The inaugural Manchester Film Weekender will be held on the weekend of March 17-19 2017, at the Chancellors Hotel and Conference Centre in Manchester. We will be showing a selection of eight full length films from Friday evening through Saturday and Sunday. The weekend is led by our guest speaker, who is an expert in the genre, and all films are opened up for discussion between screenings. Residential and non-residential options are available, you can also choose just to attend on Saturday or Sunday. Full booking details are here.

The theme for 2017 is German cinema, tracing the work of émigré film makers who left Germany pre-WW2 and made second careers in Hollywood. The films concentrate mainly on the work they did in Germany, with the exception of Billy Wilder and Douglas Sirk. View the complete programme.

The centre at Alston Hall in Lancashire, the venue for many years of successful weekend film festivals, sadly closed last year. However, we are now re-establishing the film weekend in Manchester. We intend this to be the first of many annual Manchester Film Weekenders and we very much hope you can join us for all or part of the weekend.

 Friday

  • The Oyster Princess
    Ernst Lubitsch (1919)

 Saturday

  • Asphalt
    Joe May (1929)
  • The Blue Angel
    Joseph von Sternberg (1930)
  • M
    Fritz Lang (1931)
  • Emil and the Detectives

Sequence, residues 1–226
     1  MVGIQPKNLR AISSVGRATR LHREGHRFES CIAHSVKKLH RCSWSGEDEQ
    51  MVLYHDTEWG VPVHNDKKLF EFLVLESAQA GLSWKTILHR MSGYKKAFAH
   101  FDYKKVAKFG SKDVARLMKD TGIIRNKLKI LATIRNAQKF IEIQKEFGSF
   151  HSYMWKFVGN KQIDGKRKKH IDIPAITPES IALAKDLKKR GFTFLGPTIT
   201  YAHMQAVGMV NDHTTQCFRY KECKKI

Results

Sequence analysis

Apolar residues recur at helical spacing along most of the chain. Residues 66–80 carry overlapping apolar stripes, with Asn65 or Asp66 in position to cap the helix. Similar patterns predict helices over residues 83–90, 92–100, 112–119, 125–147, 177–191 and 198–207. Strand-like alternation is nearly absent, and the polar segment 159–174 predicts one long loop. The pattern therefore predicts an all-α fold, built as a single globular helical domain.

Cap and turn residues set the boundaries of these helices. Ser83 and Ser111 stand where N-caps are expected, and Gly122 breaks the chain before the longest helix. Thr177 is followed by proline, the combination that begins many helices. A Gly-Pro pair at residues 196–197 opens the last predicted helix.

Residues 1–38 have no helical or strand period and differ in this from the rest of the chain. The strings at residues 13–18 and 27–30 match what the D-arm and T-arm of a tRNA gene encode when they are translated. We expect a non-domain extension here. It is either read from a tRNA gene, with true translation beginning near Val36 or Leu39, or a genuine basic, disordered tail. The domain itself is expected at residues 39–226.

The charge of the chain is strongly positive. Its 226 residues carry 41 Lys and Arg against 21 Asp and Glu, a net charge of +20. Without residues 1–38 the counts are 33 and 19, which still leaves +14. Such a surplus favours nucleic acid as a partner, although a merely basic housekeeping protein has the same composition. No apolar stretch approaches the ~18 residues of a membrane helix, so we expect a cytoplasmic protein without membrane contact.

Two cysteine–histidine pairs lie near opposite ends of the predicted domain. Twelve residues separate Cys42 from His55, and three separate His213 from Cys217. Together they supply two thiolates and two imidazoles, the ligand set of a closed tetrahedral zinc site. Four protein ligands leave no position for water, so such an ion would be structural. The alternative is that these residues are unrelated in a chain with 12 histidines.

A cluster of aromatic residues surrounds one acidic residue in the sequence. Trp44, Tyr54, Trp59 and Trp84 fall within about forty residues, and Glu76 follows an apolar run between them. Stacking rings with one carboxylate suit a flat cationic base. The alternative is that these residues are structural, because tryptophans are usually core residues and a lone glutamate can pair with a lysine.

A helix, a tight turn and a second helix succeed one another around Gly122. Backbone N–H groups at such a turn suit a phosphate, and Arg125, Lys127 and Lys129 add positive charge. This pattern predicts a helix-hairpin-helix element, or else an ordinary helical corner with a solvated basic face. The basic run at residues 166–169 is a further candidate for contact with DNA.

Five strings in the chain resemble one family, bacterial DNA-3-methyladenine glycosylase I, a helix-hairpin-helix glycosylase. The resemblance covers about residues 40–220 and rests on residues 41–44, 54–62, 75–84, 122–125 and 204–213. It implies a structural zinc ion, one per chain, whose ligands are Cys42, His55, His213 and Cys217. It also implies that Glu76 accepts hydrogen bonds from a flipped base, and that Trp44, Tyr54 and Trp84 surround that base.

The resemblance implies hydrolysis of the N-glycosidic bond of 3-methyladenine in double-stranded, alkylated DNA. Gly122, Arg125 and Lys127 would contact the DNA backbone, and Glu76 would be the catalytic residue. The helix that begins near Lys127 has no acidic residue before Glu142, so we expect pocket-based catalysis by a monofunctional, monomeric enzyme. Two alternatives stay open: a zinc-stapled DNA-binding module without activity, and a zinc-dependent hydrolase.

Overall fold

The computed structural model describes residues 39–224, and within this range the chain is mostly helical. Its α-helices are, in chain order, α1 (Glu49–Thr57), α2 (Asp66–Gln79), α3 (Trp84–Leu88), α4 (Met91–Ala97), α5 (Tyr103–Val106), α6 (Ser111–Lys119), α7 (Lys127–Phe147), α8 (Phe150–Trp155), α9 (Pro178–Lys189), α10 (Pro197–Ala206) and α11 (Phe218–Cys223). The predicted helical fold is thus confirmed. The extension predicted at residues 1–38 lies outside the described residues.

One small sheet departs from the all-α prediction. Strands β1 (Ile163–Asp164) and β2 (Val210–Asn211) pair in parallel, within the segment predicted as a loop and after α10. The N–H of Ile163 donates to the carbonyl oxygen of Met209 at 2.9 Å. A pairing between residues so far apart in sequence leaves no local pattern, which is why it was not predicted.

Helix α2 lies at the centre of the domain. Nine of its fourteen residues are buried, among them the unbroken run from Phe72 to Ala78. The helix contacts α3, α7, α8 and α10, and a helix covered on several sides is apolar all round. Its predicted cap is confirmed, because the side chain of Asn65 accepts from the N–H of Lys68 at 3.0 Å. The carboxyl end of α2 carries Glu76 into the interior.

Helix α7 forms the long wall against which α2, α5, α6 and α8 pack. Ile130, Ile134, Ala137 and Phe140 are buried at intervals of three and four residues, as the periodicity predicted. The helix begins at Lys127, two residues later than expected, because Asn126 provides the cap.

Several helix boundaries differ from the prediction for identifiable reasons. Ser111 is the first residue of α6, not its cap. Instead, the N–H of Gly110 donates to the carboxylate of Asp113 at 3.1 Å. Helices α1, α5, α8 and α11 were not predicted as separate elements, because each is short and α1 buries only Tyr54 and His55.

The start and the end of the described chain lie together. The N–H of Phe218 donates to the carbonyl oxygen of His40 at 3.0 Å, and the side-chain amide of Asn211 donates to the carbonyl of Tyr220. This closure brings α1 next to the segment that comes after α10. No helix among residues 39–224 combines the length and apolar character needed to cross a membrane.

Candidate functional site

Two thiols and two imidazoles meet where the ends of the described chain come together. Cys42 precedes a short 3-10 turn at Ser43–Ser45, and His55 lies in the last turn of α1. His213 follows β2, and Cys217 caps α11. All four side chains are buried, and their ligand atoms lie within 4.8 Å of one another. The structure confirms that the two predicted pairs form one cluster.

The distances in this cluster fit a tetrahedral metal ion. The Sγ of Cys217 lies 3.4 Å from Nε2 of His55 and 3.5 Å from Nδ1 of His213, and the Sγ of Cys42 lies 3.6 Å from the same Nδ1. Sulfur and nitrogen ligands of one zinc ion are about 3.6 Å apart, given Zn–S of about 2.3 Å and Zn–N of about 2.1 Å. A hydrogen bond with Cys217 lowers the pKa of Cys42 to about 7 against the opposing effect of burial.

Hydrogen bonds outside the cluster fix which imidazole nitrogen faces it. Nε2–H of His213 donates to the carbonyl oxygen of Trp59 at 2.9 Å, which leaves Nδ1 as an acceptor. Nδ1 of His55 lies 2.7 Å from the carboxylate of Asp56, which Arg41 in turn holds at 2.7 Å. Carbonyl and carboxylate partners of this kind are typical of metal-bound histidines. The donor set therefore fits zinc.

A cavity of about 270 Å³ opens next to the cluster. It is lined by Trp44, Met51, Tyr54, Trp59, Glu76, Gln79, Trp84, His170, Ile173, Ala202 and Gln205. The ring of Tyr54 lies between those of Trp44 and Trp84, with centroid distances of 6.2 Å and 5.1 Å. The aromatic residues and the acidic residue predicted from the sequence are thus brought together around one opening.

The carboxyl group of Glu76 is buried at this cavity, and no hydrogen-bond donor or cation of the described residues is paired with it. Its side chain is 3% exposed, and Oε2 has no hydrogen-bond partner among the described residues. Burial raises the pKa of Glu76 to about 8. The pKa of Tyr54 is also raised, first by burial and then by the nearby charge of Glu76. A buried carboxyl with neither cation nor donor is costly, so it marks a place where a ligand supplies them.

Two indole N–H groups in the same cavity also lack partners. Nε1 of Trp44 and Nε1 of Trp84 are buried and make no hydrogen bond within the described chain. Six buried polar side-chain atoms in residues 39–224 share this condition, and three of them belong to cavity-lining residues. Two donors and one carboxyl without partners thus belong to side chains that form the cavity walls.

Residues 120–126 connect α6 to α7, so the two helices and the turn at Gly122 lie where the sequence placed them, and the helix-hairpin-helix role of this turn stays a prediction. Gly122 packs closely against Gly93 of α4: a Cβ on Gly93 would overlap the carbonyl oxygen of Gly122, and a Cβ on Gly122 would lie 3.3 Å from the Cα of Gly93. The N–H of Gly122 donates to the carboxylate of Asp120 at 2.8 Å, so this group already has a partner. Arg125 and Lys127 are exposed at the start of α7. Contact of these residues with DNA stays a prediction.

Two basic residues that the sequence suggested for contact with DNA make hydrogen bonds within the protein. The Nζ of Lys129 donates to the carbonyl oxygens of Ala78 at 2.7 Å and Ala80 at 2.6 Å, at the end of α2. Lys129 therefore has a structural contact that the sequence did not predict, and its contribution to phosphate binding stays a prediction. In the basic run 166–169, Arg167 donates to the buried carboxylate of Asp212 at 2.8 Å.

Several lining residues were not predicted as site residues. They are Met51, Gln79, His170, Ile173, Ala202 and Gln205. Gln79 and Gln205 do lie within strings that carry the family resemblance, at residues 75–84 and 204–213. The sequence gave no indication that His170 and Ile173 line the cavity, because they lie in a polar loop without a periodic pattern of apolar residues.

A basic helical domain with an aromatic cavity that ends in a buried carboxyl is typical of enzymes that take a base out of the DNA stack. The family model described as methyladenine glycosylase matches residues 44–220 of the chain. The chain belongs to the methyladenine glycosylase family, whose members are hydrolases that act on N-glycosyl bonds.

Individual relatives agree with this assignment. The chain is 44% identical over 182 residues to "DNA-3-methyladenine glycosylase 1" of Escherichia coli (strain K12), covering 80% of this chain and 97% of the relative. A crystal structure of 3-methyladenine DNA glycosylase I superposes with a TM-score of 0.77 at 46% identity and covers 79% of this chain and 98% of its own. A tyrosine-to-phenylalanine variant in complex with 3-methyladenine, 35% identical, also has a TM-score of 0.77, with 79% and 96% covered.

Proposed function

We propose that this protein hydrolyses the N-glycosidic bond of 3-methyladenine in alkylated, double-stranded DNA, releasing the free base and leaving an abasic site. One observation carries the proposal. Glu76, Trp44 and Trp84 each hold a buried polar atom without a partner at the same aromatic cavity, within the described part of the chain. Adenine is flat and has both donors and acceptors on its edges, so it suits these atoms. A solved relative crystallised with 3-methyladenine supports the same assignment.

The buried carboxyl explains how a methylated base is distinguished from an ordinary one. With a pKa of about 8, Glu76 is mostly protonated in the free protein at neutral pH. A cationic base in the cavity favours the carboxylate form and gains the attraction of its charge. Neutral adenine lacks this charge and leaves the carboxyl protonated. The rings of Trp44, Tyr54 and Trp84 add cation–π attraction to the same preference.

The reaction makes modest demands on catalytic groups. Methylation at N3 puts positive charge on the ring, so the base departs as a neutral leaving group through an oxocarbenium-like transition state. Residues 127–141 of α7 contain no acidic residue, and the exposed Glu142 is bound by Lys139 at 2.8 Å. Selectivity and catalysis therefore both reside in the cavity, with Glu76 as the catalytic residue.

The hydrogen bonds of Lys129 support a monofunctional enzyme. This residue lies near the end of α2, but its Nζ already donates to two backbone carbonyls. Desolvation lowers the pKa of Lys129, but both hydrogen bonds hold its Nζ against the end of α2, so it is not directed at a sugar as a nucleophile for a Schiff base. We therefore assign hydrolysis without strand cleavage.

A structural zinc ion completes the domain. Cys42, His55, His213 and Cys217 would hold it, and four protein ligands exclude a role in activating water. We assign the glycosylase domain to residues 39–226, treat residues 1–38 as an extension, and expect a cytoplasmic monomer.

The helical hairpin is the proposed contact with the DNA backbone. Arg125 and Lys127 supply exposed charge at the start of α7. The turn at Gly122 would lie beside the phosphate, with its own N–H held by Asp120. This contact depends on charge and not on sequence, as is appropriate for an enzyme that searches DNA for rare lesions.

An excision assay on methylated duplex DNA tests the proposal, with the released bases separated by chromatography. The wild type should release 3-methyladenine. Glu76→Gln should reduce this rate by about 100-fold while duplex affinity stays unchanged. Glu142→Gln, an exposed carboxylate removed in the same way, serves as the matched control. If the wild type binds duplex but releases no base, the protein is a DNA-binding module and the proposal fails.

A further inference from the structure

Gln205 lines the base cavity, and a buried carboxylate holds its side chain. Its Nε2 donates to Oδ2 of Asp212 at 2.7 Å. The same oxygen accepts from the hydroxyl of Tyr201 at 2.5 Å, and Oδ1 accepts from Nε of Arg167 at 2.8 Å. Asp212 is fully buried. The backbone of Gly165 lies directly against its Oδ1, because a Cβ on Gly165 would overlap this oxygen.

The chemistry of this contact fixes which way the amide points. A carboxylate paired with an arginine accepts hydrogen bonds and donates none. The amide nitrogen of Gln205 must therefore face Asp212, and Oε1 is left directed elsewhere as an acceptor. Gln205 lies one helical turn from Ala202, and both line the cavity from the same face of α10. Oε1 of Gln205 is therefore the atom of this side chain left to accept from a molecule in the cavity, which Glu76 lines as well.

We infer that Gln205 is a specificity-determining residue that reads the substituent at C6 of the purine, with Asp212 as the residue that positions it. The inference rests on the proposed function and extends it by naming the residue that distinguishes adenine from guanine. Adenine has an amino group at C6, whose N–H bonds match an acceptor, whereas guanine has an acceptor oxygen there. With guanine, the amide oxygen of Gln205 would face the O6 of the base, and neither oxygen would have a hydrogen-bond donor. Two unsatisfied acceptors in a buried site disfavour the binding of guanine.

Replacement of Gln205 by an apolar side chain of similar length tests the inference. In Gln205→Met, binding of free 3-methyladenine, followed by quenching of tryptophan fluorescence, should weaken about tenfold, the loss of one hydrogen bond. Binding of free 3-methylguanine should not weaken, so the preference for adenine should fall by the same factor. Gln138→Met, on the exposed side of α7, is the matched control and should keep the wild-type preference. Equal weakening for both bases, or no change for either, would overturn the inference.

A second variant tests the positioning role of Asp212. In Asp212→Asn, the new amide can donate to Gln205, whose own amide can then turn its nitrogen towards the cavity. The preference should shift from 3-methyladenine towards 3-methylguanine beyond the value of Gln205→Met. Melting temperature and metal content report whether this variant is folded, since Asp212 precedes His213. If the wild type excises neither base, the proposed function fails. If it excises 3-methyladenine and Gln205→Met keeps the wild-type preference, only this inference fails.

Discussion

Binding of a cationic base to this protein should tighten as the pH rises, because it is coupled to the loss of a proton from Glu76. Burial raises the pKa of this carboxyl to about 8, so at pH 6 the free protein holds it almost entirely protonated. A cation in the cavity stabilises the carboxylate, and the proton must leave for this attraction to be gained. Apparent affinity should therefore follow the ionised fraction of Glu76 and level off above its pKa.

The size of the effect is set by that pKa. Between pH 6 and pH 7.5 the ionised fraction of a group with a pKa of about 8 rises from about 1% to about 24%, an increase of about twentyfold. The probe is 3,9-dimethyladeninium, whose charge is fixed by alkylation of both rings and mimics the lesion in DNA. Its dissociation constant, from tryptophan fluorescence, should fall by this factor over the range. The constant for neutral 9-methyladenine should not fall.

Gerhard Lamprecht (1931)

 Sunday

  • People on Sunday
    Robert Siodmark/Edgar G Ulmer (1929)
  • 1, 2, 3
    Billy Wilder (1961)
  • A Time to Love and a Time to Die
    Douglas Sirk (1959)

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Film details
The Oyster Princess
One of Ernst Lubitsch's earlier romantic comedies, in which the Oyster King's life of lavish splendour is contrasted with that of the penniless Prince in a pointed social commentary on American consumerism.
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Film details
Asphalt
Joe May's sensual drama of life in the Berlin underworld is in many ways the perfect summation of German filmmaking in the silent era.
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Film details
People on Sunday
Notable not only for its portrayal of daily life in Berlin shortly before Hitler became Chancellor, but also as an early work by the future Hollywood writer/director Billy Wilder before he moved to the USA.